#1 Barselona Harlequin
Without a doubt, one of the finest places to view Picasso paintings in Barcelona is the Picasso Museum, which houses more than 4,000 of his works in its permanent collection. Noteworthy in the museum is one of Picasso’s series of Harlequin paintings, “Barselona Harlequin” from 1917, an oil-and-canvas portrait. Featuring a hint of cubism, the work is considered one of Picasso’s most balanced paintings. The subject appears sad, introspective and somewhat uncertain about his upcoming performance. This painting subtly represents the artist’s transition from one style to another.
#2 The First Communion
Another notable Picasso painting in the museum is “The First Communion,” the artist’s first professional large-scale work. Picasso produced the work as a student in 1896. A painting conforming to the era’s social realism, “The First Communion” depicts Picasso’s sister’s transition to adulthood as she eagerly anticipates partaking in the sacrament. Using his father as a model for the man in the painting, Picasso symbolized his own transition into artistic adulthood under the direction of the elder Picasso.
#3 Science and Charity
Also among the museum’s Picasso paintings in Barcelona is another example of social realism, “Science and Charity.” Picasso was only 15 years old in 1897 when he painted the work. He actually hired a beggar and his child as models for the sketches of the painting, which represents the good that science can accomplish.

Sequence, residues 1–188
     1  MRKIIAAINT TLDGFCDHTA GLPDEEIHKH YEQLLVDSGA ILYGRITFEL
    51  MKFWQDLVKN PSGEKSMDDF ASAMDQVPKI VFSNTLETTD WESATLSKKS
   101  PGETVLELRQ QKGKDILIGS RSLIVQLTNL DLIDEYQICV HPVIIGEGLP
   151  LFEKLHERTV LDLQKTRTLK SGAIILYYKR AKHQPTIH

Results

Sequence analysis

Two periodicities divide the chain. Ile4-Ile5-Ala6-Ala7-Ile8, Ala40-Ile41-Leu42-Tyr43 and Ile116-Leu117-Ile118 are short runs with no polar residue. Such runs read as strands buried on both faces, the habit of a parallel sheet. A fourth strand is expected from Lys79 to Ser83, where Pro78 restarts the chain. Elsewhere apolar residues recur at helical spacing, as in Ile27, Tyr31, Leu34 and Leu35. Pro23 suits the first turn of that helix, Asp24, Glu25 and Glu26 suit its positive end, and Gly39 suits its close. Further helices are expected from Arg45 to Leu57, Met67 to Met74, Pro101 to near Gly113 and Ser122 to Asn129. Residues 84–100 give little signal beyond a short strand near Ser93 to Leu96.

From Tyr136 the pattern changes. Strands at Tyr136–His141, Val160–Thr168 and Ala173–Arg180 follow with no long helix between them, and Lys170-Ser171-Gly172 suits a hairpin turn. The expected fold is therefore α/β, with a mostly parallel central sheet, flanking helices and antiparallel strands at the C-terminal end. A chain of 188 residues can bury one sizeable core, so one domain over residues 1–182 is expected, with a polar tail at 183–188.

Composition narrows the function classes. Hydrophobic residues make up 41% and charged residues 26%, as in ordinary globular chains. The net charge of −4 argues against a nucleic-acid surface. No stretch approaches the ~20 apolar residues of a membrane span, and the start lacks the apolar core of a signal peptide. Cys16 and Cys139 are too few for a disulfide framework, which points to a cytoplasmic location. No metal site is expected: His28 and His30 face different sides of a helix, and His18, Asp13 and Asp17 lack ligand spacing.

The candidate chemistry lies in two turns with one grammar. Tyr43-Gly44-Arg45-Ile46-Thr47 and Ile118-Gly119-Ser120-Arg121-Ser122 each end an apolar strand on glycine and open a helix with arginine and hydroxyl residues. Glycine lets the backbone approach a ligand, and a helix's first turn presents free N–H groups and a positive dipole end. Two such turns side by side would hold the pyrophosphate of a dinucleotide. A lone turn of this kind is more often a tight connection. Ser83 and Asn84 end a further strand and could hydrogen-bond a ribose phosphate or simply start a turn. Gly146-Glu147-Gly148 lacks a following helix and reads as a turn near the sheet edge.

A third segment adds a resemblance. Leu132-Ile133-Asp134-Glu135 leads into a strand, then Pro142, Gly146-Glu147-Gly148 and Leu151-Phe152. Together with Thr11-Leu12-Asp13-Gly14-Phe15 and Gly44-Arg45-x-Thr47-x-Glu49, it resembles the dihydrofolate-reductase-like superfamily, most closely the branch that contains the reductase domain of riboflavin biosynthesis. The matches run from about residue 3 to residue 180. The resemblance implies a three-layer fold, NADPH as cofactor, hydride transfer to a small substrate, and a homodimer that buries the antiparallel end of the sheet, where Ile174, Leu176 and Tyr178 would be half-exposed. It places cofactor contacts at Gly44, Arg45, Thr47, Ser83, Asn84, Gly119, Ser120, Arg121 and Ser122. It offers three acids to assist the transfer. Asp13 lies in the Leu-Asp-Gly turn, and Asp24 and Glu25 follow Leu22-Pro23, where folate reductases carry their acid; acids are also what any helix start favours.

#4 Leaning Woman in Bonnet
The neoclassist oil-on-canvas portrait “Leaning Woman in Bonnet” depicts the same contemplative image as that of the Harlequin. The touch of facial asymmetry reflects Picasso’s gradual transition from realism to modern art. Following his death, Picasso’s wife donated the painting to the museum.
#5 Las Meninas
The Picasso Museum also houses one of the artist’s most interesting works, “Las Meninas,” a 58-painting series influenced by artist Diego Valazquez’s work of the same name. Picasso’s 1957 interpretation is uniquely abstract in contrast to the original. The work is the only remaining complete series of Picasso’s paintings.
More than just an expatriate and “ladies’ man” who remarked “there are only two kinds of women, goddesses and doormats,” Picasso was among the most innovative artists of the 20th century. Throughout his life, Picasso continued to claim Barcelona as his home, and no trip to the city is complete without the opportunity to view his influential works.